The treatment at discharge included: Carvedilol 12.5 mg x 2/day, Amlodipine 10 mg /day, Spironolactone 50 mg/day, Furosemide 20 mg/day, Sulodexide 250 LSU/day, Acenocumarol 1 mg/day (target INR of 2-2.5).

Discussion

Transthoracic echocardiography has a major importance in the diagnosis and risk stratification of acute pulmonary embolism (table 2 and 3, figure 6), especially in emergency situations, and when the computed tomography exam is not possible.

The typical echocardiographic expression of acute massive pulmonary embolism includes:

-        hypokinetic, dilated right ventricle;

-        a ratio of RV/LV > 1;

-        increased velocity of the tricuspid regurgitation (3-3.5 m/s);

-        dilatation of pulmonary arteries;

-        turbulent Doppler flow in the outflow tract of the right ventricle;

-        dilatation of inferior vena cava.

Table 2. Principal markers useful for risk tratification in acute pulmonary embolism

Clinical markers

Shock

Hypotension

Markers of RV

dysfunction

RV dilatation, hypokinesis or pressure overload on echocardiography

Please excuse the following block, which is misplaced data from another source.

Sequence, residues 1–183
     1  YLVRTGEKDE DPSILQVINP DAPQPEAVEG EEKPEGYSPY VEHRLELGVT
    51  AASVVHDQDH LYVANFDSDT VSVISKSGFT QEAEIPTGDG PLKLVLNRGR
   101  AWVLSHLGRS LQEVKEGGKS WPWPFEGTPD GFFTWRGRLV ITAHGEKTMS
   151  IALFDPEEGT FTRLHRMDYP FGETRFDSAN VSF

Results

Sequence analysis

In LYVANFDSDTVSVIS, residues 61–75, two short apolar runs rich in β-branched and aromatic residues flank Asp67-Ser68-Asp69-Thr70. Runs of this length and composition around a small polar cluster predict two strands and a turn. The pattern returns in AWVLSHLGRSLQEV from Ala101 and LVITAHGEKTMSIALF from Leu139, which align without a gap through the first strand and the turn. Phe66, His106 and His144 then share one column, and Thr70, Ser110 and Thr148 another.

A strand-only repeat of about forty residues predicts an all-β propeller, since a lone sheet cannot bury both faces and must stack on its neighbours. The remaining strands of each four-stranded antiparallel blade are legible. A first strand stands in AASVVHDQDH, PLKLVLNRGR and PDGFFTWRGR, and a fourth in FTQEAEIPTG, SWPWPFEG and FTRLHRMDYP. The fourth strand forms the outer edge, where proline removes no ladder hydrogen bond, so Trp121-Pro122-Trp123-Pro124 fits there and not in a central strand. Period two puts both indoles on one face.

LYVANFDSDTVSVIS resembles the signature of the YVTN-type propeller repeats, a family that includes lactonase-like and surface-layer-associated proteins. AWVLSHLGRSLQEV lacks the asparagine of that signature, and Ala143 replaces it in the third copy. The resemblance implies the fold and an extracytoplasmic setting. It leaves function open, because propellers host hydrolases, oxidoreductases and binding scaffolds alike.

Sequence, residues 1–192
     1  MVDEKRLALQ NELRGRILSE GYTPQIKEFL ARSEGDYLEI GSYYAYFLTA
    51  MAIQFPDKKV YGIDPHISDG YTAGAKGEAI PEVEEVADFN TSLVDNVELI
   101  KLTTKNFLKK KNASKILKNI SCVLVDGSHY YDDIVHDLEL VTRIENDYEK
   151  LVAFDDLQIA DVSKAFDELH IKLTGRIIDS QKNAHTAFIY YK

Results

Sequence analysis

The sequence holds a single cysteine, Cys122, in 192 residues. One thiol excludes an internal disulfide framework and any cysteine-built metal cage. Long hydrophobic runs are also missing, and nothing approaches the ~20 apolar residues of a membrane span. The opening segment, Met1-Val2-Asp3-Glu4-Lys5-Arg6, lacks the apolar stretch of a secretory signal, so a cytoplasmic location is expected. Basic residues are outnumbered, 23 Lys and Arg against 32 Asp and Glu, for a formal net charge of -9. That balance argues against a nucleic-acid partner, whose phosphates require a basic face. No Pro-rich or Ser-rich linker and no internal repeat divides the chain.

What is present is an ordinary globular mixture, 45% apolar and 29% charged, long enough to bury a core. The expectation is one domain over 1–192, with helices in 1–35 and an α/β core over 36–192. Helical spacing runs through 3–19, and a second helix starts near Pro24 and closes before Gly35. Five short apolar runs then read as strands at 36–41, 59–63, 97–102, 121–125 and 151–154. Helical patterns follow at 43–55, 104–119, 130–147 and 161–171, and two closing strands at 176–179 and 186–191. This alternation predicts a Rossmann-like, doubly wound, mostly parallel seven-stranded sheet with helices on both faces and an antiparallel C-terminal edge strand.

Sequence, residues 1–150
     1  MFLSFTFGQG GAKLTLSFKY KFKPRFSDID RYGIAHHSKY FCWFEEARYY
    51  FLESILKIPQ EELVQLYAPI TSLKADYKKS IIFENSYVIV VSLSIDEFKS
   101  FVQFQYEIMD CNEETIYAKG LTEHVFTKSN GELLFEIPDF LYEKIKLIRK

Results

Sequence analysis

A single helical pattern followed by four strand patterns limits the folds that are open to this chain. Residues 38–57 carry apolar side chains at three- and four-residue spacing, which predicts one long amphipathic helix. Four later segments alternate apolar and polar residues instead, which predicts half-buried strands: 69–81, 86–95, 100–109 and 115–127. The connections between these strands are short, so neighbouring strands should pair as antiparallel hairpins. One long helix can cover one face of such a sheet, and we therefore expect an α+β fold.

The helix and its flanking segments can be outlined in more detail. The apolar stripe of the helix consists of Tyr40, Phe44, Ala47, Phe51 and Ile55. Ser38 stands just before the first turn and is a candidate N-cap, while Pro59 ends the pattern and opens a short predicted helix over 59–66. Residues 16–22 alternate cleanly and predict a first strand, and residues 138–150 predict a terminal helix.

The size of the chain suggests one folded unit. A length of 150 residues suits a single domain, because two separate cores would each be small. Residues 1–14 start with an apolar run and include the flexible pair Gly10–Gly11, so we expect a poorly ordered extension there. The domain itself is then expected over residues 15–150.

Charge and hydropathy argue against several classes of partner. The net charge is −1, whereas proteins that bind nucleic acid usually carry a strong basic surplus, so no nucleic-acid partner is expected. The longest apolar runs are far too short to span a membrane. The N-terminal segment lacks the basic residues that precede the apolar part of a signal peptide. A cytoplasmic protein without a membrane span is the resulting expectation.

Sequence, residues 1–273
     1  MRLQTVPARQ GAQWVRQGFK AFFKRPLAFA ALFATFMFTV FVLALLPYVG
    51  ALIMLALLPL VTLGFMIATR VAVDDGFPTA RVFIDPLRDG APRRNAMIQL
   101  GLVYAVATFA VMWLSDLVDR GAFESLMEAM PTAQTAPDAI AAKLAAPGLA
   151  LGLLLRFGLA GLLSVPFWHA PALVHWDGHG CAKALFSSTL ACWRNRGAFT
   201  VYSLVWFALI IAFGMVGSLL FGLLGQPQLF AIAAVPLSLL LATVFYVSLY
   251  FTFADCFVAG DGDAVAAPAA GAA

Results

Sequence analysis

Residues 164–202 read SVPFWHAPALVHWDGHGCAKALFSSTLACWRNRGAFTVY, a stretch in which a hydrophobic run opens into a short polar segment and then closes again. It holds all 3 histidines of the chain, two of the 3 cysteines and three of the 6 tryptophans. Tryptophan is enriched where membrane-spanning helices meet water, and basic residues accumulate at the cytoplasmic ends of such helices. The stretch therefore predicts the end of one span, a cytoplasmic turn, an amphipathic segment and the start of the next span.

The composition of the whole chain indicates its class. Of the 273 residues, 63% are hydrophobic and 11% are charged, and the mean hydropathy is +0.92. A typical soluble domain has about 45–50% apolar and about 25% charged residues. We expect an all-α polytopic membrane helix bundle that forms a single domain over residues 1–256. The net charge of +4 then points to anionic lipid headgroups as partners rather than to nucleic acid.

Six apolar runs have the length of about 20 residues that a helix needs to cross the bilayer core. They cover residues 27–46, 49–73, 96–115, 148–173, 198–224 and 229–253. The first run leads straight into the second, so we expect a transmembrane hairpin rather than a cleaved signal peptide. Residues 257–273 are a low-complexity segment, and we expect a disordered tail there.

RV dilatation on spiral computed tomography

BNP or NT-proBNP elevation

Elevated right heart pressure at catheterism

Markers of

myocardial injury

Cardiac troponin T or I positive

Table 3. Risk stratification according to expected pulmonary embolism-related early mortality rate

Mortality risk

Risk markers

Treatment implications

Clinical (shock or hypo-tension)

RV dys-function

Myocardial injury

High (> 15%)

+

+

+

Thrombolysis or embolectomy

Non-high

Intermediate (3-15%)

-

+

+

Hospital admission

+

-

-

+

Low (<1%)

-

-

-

Early discharge or home treatment

Figure 6. Practical algorithm in high-risk acute pulmonary embolism.

More specific signs are:

-        hypokinesia of the right ventricle that does not affect the apical segment (sensitivity 77%, specificity 94%) (McConnell et al., 1996)

-        the pattern of the ejection flow of the right ventricle (acceleration time < 60 ms) (sensitivity 48%, specificity 98%) (Torbicki et al., 1999)

Elements of (quasi)certitude are the identification of thrombi in the right heart or inferior vena cava, deep vein thrombosis, thrombi in the pulmonary arteries.

A hemodynamically significant acute pulmonary embolism is unlikely in the presence of a normal echocardiography.

References

1.     McConnell MV, Solomon SD, Rayan ME, et al. Regional right ventricular dysfunction detected by echocardiography in acute pulmonary embolism. Am J Cardiol 1996; 78: 469-73.

2.     Torbicki A, Kurzyna M, Ciurzynski M, et al. Proximal pulmonary emboli modify right ventricular ejection pattern. Eur Respir J 1999; 13: 616-21.

3.     Torbicki A, Perrier A, Konstantinides S, et al. Guidelines on the diagnosis and management of acute pulmonary embolism. European Heart Journal 2008; 29, 2276–2315.

  

 

Corresponding Adress: Alina Giucă, MD, Ph D, Craiova Cardiology Center, str. Tabaci nr.1, email: alinagiuca@yahoo.com